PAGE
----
When the body makes a mistake

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When the body makes a mistake

The consequences of a mistake are often easier to correct if it's discovered sooner rather than later.

Biomedical researchers consider cancer — the abnormal, uncontrolled growth of cells that can spread or metastasize to vital organs — a mistake within the human body that occurs when genes are mutated or silenced, or when proteins are over- or under-expressed.

Edward Sauter, a physician and researcher at the UND School of Medicine and Health Sciences, specializes in the early detection and treatment of breast cancer.

"Breast cancer can lie dormant and remain undetected for many years," Sauter noted. "It can come back after 20 years, even though everything seems fine. The anxiety associated with this is something that women diagnosed with breast cancer have to live with for the remainder of their lives."

While medicine has gotten better at prescribing treatments for various forms of cancer, the ability to detect it early has lagged in some respects, according to Sauter. But that could change because of a diagnostic test for breast cancer he's developed that relies on a bodily fluid rather than expensive imaging techniques or painful biopsies.

"If you find something abnormal, it still requires an invasive biopsy to make the diagnosis," Sauter explained. "It would be better to do a body fluid test — blood, breast fluid, saliva, or cerebral spinal fluid — some body fluid that would give you a diagnosis and would not require an invasive biopsy for confirmation. That would be the Holy Grail."

Earlier this year, UND and Neomatrix, LLC, signed an exclusive agreement to develop technology for the early detection of breast cancer using the company's HALO® Breast Pap Test device. The HALO® breast test is designed to help screen and assess breast cancer risk in women using cell morphology techniques. The UND technology, used with the HALO® device, is based on the detection of extracellular cancer biomarkers in breast nipple aspirate fluid (NAF).

Renowned for his research on NAF constituents and their role in breast cancer detection, Sauter's test looks for proteins within the fluid, markers that can signal the presence of cancer.

"We identified a promising breast cancer predictive marker panel through funding from the National Institutes of Health," Sauter said. "We needed a partner to take the next step toward practical application in development of an assay. It is exciting to partner with Neomatrix to validate our panel, in the hopes of gaining Food and Drug Administration (FDA) approval and bringing it to clinical use."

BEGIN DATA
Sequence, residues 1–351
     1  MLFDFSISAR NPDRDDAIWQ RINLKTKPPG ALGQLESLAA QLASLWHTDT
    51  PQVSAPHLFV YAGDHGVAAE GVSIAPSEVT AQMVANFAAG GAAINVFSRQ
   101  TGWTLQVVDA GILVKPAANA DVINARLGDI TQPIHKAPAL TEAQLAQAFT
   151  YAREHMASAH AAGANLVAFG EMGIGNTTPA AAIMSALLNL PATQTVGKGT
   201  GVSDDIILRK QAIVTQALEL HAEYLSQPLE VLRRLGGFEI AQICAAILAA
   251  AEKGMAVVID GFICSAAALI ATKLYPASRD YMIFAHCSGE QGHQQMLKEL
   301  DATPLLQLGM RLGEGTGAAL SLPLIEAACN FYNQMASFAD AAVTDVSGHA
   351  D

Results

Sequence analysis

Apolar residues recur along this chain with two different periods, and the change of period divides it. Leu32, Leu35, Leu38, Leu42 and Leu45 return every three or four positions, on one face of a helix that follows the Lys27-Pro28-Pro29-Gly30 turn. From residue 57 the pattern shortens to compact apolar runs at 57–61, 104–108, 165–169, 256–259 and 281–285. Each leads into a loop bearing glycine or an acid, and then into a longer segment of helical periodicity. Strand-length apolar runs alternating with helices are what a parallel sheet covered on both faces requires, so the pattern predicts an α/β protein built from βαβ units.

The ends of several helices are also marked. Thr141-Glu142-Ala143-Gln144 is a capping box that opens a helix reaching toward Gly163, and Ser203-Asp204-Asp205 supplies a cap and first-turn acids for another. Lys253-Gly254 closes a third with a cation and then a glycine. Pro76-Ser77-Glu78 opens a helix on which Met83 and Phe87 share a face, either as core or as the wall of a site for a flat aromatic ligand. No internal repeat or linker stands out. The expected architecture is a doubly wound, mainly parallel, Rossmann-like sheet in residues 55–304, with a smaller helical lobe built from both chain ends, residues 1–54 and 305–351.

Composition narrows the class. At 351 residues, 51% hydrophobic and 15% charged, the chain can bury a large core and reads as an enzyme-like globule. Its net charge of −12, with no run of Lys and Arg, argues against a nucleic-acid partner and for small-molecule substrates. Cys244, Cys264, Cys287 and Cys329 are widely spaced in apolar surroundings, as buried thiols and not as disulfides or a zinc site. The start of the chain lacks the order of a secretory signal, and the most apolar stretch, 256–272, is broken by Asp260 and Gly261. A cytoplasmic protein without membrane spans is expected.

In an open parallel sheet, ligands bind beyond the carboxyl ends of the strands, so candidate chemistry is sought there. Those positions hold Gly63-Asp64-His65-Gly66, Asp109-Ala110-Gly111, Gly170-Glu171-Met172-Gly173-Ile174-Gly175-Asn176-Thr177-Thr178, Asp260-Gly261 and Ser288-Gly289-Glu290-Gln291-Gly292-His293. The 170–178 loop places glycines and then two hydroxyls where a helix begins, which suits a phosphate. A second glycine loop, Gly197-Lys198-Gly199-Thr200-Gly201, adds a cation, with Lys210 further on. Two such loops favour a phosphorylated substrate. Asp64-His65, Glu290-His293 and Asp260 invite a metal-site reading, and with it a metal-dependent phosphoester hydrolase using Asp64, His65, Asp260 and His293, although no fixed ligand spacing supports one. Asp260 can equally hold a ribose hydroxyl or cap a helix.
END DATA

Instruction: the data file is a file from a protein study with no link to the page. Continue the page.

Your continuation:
Unlike other breast cancer detection methods, Sauter said the body fluid test is painless, non-invasive and relatively inexpensive.

"Neomatrix's device creates suction mechanically to collect the fluid," he said. "The fluid comes from the breast ducts and lobules and is collected on the nipple surface. The anatomy of the breast starts in the lobules where milk or non-milk breast fluid is formed. The lobules collect into the ducts which are simply little tubes in the breast that deliver fluid toward the nipple.

"When a woman's not making milk, the tubes still collect cells and secreted proteins," Sauter continued. "They can be collected and examined for changes that may indicate the presence of cancer."

The assessment of cells in the fluid without the extracellular biomarkers has limited use, Sauter cautioned.

"If you find cancer, it's going to be cancer," he said. "Falsely positive results are extremely rare. However, if you don't find cancer, it does not exclude cancer. The cell morphology test is very specific, but not sensitive. In tests we have conducted thus far, the biomarkers which we tested dramatically improved sensitivity, but did not decrease specificity."

The problem with trying to detect cancer is that tumors can form through multiple paths.

"There are very few 'all or nothings' in life, including markers," Sauter said. "It's shades of gray, and it's those shades that make it difficult. Thus, there's generally no cut point or level whereby everyone has cancer above that level, whereas no one does below that level. There's generally a gray zone, minimizing the accuracy of any marker for detection."

Despite that, researchers continue to search for markers that can serve as a red flag and lead to the early detection of cancer.

"Most of us in the field are convinced that no single marker is likely to be sufficiently accurate to be used clinically for the detection of breast cancer," Sauter said.

Early detection of breast cancer is widely recognized as the most effective strategy for successfully treating the disease. Health outcomes are greatly improved when discovered in the early stages of development.

The good news is that once cancer is detected, treatment options have improved.

"We are getting much better at treating breast and many other cancers," said Sauter. "Newly available targeted therapies are often very effective, with less toxicity than chemotherapy used in the past. These targeted therapies are often based on our analysis of a patient's tumor, which allows us to design therapy based upon the mistakes it reveals."

Patrick C. Miller

Staff Writer

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